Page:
And, if you can’t bring yourself to read yet another magazine article about the Boomers, how about a piece on an equally neglected topic — media bias? In this month’s Washington Monthly Paul Waldman, a senior fellow at Media Matters for America, assures liberals that “it’s not your imagination,” that he has in fact crunched the numbers, “looked at every one of the 7,000 guests who appeared on the three major Sunday [political talk] shows from 1997 to 2005” and “found that the left of late has found itself outnumbered.” The “ideological imbalance” is not limited to “official sources that are interviewed: the elected officials, candidates and administration officials who make up most of the shows’ guests” but also exists in the “roundtable discussions with featured journalists,” Waldman writes. That the producers of these shows “believe that a William Safire (56 appearances since 1997) or Bob Novak (37 appearances) is somehow ‘balanced’ by a Gwen Ifill (27) or Dan Balz (22) … suggests that some may have internalized the conservative critique of the media, which assumes that ‘daily journalists’ are liberal almost by definition and thus can provide a counterpoint to highly conservative pundits.”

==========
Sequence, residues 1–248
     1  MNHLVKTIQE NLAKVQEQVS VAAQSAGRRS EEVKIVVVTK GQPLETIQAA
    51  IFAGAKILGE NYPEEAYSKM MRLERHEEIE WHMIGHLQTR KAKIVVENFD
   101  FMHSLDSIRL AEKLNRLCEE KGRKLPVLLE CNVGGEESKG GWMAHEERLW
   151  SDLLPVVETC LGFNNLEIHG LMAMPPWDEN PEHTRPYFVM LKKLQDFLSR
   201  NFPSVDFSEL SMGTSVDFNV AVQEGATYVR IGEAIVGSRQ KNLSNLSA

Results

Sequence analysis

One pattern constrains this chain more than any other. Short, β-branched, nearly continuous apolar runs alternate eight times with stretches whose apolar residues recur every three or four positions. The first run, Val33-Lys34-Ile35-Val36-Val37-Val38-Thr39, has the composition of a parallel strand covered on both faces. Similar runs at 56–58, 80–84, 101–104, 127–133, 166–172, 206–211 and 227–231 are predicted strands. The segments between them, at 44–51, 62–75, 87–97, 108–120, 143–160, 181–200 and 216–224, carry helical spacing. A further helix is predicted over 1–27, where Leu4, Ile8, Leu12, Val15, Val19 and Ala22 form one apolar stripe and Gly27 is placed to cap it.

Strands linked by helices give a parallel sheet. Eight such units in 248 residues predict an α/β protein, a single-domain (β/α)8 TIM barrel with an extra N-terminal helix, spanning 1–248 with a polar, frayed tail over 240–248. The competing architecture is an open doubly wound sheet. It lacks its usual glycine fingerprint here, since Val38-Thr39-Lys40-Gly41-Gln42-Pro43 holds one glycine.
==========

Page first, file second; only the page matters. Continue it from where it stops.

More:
03:54 PM - February 14, 2006
Newsweeklies Thwarted By Publishing Cycle, and New York Discovers Blogs
The major newsweeklies mock Vice President Cheney, New York profiles “blog moguls” and The Washington Monthly discovers a new way of quantifying media bias.
16 women whose digital startups deserve Vox-level plaudits - A look at the media entrepreneurs who aren’t grabbing headlines
Why was ‘Dasani’ shut out of the Pulitzers? - 5 problems with The New York Times’ ambitious, influential series on the life of one homeless Brooklyn girl
The AP downplays its Obamacare scoop - Repeal on deductible caps marks another step in The Great Cost Shift
The enduring pull of mag covers - Why do magazine cover images still hold so much cultural power in this decline-of-print era?
Michael Wolff’s digital media bloopers - The Newser founder trolls (other) digital-news companies
Email blasts from CJR writers and editors
“My belief … is that conservatism as we know it is doomed”
The proposal comes three months after a federal appeals court struck down, for the second time, agency rules intended to guarantee a free and open Internet
Michael Pollan thinks Wall Street has way too much influence over what we eat
“The core of what I do at Fusion will be post-text”
Constant disappointment is his secret sauce
Who Owns What
A report from the Columbia University Graduate School of Journalism
Questions and exercises for journalism students.